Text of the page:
Take four teenage girls with diverse personalities and backgrounds. Put them together in a New England boarding school and add some peer pressure to the mix. The end result? One dead teenager and three survivors with a secret to keep for the rest of their lives. Tell Us No Secrets, the debut novel by American journalist Siena Sterling, has all the ingredients for a slow-simmering stew of teenage angst that will leave readers relieved that they are no longer in high school.
Karen, Abby, Zoey, and Cassidy are freshmen at the Stonybridge School for Girls in Lenox, Massachusetts. It’s the late 1960s and society is being changed by free love, the Vietnam War and women’s liberation. However, this group of girls are going through their own upheavals, albeit of a more emotional nature.
Everyone at Stonybridge wants to be Cassidy Thomas’ friend. Bewitchingly beautiful, Cassidy is the most popular girl in school. Zoey Spalding is the rebel, a New York native with a father who is a well-known film director. She excels at causing havoc and upsetting the status quo. Abby Madison comes from an establishment East Coast family with brothers at Harvard and Yale. Zoey dubs her the ‘Un Girl’ because she is so unimpressive and uninteresting. Abby just wants to shake her vanilla image. At least she’s not Karen Mullens, the overly sensitive, overweight girl desperate to fit in. They believe they aren’t like the other girls – they’re different.
How fate brings the four girls together is told from their individual points of view. The narration alternates, offering different perspectives on how they handled certain situations. Whose story do you believe, or is this a quartet of unreliable narrators?
Abby and Karen begin as roommates, while best friends Cassidy and Zoey end up living together. In their senior year, Cassidy and Abby have become friends, forcing Karen to share a room with Zoey, much to Karen’s chagrin. Karen’s anguish quickly transforms into something else – an unsettling, unhealthy obsession with the free-spirited and outspoken Zoey.
What follows is a detailed examination of female friendship, peer pressure and impressionability during a vulnerable period of life. Each character is dealing with their own psychological issues. Cassidy lost her mother when she was young and is still struggling to cope with her absence. When Abby’s family takes her under their wing it fills the void she’s been feeling, but her secret relationship with Abby’s brother, Jeb, may jeopardise her friendship with Abby. Zoey acts out because her father is absent, and Karen has low self-esteem and body image issues as a result of her blonde bombshell mother’s scrutiny.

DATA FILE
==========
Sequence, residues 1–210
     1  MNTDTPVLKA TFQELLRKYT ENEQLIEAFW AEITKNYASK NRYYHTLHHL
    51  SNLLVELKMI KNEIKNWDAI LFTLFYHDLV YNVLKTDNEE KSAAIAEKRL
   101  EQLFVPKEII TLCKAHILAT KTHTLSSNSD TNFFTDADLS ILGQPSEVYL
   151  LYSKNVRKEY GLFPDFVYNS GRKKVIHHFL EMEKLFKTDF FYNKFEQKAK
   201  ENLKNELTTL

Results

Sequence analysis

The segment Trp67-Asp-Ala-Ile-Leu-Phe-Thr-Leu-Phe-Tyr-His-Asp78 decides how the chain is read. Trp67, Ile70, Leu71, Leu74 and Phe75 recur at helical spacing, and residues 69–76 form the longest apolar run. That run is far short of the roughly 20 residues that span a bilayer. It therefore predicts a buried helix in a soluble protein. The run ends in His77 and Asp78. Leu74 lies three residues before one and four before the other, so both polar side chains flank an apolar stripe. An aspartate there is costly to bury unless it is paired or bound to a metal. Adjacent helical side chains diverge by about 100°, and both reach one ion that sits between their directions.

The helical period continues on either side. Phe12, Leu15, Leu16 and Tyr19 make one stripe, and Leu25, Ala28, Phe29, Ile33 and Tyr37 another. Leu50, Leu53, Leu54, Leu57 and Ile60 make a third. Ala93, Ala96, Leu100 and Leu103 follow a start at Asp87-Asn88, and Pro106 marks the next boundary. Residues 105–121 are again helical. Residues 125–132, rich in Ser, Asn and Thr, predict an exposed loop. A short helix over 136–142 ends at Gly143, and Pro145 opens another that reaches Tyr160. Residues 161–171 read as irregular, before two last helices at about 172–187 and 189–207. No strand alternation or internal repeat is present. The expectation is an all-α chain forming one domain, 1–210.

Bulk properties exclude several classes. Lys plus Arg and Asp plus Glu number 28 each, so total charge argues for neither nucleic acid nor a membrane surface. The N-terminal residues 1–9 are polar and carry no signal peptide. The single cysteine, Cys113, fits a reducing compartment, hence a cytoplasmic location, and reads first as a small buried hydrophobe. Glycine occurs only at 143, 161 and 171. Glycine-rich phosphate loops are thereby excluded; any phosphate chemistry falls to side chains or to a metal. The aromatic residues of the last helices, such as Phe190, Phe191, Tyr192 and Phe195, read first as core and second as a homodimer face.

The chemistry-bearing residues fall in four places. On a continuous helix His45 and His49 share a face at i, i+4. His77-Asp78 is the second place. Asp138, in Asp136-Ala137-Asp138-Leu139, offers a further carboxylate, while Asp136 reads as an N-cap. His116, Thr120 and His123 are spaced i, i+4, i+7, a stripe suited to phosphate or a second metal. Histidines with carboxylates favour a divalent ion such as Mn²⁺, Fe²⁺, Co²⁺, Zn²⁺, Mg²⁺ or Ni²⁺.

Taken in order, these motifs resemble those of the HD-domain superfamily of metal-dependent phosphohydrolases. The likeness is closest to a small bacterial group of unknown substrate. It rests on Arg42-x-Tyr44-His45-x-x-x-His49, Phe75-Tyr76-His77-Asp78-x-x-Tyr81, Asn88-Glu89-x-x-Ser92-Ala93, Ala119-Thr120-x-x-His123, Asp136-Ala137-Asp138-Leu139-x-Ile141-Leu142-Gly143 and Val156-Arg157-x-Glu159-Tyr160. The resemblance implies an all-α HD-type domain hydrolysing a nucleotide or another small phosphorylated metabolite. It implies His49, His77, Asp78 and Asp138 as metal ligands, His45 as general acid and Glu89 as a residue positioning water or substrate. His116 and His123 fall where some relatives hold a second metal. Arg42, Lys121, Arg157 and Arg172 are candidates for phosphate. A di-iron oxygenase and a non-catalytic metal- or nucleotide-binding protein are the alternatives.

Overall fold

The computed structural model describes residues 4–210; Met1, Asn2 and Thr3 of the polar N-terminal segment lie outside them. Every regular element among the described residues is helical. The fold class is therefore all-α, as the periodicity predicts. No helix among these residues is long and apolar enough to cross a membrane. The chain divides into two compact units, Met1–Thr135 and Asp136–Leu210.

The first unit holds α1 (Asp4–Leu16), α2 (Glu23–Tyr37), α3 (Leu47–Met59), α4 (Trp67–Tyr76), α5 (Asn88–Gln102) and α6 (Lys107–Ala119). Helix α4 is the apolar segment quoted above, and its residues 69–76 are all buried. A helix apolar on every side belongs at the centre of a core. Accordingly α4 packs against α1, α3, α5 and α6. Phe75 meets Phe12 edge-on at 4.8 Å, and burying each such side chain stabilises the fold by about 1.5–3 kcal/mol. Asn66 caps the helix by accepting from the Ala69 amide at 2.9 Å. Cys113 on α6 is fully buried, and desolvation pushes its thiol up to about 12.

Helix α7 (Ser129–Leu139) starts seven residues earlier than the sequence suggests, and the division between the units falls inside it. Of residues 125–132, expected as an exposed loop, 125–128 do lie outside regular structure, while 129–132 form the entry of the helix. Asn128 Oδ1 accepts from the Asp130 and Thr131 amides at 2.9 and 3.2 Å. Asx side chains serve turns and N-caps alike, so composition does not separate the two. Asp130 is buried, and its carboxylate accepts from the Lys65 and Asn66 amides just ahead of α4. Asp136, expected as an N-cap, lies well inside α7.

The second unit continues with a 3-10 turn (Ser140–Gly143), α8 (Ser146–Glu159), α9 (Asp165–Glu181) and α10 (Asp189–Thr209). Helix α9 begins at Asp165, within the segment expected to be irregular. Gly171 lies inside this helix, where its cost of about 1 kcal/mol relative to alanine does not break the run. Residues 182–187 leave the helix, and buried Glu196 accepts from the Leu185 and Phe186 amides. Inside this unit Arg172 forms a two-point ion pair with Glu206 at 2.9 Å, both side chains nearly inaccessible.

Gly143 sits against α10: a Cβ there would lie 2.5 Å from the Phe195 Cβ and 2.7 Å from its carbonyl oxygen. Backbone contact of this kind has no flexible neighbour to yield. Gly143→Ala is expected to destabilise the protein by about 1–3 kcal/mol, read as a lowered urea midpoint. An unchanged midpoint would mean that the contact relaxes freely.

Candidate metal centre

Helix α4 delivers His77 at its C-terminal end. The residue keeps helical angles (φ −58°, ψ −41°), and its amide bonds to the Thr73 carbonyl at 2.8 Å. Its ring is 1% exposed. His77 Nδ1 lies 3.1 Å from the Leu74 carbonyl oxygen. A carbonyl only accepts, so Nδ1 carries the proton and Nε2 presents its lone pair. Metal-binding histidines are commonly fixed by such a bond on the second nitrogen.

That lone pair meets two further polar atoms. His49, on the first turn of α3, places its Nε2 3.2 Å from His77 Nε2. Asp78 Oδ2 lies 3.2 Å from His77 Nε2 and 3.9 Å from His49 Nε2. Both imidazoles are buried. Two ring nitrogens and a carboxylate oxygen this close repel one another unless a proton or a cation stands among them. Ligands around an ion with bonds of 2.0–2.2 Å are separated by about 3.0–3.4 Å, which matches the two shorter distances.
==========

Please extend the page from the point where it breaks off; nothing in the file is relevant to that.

Karen becomes more rebellious as a result of Zoey’s influence. They come up with what they think will be a fun challenge for the girls: a list posted in the senior common room where everyone adds a star to their name when they lose their virginity and rates the experience. Combining teenage hormones with peer pressure is a recipe for disaster, and emotions boil over when the girls are put into pairs to be tied together for the school’s Friendship Weekend.
It turns out to be anything but friendly, and soon one of them lies dead, the victim of another’s need for vengeance. We know who was in the room with the victim; the mystery isn’t so much who killed her as whether they’ll get away with it. The pace quickens after this incident, and the concluding chapters of Tell Us No Secrets ramp up the suspense.
The author also introduces a second timeline, taking us to 2018 in London, with a 66-year-old woman narrating. Mary, a fellow Stonybridge student, contacts the unnamed narrator hoping to make a documentary about an unsolved death. Mary’s nosiness risks revealing the group’s secret and exposing the guilty party.
Tell Us No Secrets is primarily a coming-of-age story with a big psychological thriller twist about three quarters of the way in. It’s slow-moving, character-driven and draws you into the lives and dramas of the four main characters. The sense of claustrophobia in a juvenile clique is reminiscent of Joanne Harris’ series set in Malbry, Yorkshire, particularly the inclusion of Mr Doherty, a concerned teacher who develops a close relationship with Cassidy. This character also provides a clever diversion that may lead you to a different train of thought.
Siena Sterling herself attended an East Coast boarding school, and Tell Us No Secrets relays that first-hand experience. Her portrayal will entice anyone who enjoys the frictions of a boarding school setting, or stories about female relationships, with a dash of Single White Female thrown in.
For another book on complex female relationships, try Megan Abbott’s The Turnout.
CFL Rating: 4 Stars